As reported by nj.com, a security decision by State Police to turn union members away from the Statehouse hours before the Senate went into session was criticized as unfair by a key lawmaker and public employee unions. About 50 public employee union members trying to participate in a lobbying day never got inside the Statehouse on March 21, 2011, which was the third day of collective bargaining meetings between Communication Workers of America, the state’s largest union, leaders and Governor Chris Christie’s office.
It is not unusual for groups to flood the Statehouse halls and meet with their individual representatives and talk to others in the hallways. It was the first time CWA political director Bob Master encountered a problem with members passing security. “This came as a complete surprise, and they dug out this policy from 1997, which no one had ever seen before,” Master said. “It seems like a systematic effort to prevent people from engaging in the democratic process.”
People were delayed entering the building because they were headed to packed areas, said State Police spokesman Sgt. Stephen Jones. “We are in charge of the security of that building, and we’re only going to do things in the interest of that security,” Jones said. “There was no attempt to stifle any opinion or keep any group out. We’re only concerned with the security and safety of those in that building.” When someone enters the Statehouse, State Police require a destination be designated. When a large number of CWA members all gave the same destination, police stopped the group when the room’s maximum occupancy was reached, Jones said.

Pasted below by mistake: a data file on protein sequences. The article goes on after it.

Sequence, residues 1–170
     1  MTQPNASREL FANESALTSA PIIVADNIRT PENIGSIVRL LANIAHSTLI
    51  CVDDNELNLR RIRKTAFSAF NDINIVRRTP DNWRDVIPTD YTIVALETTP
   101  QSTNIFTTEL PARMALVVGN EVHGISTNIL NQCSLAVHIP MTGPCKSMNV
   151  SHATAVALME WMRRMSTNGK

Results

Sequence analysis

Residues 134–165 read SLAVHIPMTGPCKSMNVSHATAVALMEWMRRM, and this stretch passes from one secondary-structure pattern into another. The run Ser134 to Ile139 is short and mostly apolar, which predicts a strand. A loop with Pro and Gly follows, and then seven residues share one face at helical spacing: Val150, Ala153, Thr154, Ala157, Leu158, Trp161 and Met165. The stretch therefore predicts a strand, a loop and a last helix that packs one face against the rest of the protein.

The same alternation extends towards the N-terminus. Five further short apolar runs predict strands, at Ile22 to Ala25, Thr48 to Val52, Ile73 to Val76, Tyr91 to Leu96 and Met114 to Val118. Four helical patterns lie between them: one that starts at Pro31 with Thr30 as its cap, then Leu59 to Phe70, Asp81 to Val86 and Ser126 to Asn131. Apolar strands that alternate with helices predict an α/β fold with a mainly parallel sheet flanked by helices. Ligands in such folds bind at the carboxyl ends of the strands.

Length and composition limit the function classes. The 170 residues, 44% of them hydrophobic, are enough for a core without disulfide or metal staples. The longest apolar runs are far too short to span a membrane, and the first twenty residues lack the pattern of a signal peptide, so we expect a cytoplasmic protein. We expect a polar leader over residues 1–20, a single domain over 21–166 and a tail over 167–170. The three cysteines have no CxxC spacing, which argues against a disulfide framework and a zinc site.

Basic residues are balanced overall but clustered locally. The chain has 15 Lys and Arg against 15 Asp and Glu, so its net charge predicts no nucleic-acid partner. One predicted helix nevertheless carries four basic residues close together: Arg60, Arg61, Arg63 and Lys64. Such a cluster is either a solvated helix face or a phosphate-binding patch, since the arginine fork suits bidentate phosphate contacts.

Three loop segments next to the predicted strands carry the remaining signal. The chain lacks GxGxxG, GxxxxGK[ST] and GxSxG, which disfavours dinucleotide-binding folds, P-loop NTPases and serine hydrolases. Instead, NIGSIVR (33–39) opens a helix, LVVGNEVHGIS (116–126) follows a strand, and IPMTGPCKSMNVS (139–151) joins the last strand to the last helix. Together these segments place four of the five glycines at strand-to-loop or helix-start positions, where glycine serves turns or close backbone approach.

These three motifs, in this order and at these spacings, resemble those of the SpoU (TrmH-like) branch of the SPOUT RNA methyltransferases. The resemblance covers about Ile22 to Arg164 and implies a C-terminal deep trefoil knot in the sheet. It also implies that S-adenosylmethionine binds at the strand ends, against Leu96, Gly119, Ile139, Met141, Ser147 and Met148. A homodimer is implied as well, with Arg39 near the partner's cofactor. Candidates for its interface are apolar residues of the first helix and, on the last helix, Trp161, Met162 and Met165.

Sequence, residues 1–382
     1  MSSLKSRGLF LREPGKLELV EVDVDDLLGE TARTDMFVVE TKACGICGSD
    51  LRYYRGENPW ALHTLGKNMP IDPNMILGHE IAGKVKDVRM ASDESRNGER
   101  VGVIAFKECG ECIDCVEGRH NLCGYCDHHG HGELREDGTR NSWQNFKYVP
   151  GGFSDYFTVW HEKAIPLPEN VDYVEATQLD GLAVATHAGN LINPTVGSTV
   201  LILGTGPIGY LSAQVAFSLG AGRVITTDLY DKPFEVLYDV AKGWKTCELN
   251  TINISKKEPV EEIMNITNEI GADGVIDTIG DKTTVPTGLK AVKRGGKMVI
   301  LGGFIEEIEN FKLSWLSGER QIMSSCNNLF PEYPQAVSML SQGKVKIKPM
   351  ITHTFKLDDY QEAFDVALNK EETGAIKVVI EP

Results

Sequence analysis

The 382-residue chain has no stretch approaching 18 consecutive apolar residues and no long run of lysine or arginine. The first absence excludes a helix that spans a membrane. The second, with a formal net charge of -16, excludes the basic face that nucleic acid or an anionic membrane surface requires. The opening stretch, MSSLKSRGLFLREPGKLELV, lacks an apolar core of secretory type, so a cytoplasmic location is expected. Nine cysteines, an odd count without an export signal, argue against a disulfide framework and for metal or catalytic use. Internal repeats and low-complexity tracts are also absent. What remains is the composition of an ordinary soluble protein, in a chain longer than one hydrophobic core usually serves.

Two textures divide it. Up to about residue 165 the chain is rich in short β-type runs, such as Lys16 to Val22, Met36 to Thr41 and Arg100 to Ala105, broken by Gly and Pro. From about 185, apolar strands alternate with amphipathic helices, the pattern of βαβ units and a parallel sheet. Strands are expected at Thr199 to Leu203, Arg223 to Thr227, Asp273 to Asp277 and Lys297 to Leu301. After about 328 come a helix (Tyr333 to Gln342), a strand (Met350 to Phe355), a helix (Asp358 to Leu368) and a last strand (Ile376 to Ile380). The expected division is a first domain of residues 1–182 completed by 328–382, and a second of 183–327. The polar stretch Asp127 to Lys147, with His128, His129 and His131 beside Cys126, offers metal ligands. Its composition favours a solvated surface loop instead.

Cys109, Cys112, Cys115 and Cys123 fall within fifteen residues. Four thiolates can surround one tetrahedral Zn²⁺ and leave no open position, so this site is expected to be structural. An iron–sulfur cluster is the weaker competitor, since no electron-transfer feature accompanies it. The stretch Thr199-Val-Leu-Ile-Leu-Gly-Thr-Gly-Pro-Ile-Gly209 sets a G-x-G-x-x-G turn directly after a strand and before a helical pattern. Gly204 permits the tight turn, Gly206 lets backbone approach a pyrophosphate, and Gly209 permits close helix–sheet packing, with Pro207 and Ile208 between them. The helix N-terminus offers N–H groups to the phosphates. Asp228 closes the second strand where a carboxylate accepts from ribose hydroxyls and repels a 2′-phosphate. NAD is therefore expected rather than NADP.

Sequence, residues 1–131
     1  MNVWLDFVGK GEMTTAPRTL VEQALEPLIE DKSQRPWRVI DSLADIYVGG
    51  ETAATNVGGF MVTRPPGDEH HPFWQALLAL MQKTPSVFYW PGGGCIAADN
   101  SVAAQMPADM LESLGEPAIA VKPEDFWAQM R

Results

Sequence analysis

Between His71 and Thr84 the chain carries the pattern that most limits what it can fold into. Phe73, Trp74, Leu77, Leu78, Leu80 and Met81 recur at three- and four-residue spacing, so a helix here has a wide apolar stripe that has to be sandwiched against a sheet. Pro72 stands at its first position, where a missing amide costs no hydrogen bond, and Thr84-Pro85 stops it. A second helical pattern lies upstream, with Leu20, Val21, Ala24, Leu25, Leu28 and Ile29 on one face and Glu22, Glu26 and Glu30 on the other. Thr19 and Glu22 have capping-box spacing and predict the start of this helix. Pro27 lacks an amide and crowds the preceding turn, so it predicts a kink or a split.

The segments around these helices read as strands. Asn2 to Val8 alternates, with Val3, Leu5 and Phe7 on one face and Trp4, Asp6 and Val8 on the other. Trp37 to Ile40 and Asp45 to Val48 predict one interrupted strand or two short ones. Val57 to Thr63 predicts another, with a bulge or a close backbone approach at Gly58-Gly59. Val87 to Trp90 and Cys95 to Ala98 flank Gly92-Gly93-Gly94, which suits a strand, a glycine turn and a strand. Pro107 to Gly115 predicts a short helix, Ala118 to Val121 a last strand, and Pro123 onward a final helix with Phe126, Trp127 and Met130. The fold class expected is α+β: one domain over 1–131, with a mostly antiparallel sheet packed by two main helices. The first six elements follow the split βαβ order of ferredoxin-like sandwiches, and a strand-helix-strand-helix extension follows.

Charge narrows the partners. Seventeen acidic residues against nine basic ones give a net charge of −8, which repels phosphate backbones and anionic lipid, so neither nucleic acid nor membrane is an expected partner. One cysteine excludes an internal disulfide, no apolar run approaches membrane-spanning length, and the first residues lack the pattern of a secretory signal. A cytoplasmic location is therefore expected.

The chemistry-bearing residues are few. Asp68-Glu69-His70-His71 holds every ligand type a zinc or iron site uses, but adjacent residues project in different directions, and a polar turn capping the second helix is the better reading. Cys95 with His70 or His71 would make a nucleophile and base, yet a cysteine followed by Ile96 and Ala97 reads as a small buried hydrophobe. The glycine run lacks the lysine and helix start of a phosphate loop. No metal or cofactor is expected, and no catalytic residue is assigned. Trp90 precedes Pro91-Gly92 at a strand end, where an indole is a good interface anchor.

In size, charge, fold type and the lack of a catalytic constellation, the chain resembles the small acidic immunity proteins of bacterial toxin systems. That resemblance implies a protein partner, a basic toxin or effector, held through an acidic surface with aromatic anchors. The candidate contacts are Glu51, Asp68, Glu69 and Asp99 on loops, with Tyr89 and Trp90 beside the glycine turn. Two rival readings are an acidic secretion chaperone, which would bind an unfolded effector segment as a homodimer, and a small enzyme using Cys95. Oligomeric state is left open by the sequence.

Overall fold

Senator Loretta Weinberg questioned whether the size of the group, estimated by union officials at about 150, came close to creating any safety concerns, adding that the Statehouse has been filled with many more people on other days. Weinberg said she suspects someone told State Police to turn the union members away, but she does not know who was behind the restrictions. She added that she hopes legislation or a resolution is not needed to prevent a similar event from happening again. “I feel very passionately about this, the Statehouse is owned by the people,” Weinberg said. “I would never recommend to anyone that you try to control public opinion by controlling the public.”
Christie spokesman Michael Drewniak said his office was not aware of the issue and no directive had come from the administration to turn people away. “I don’t think anybody should be turned away from the Statehouse, but we leave security decisions up to the State Police,” Drewniak said.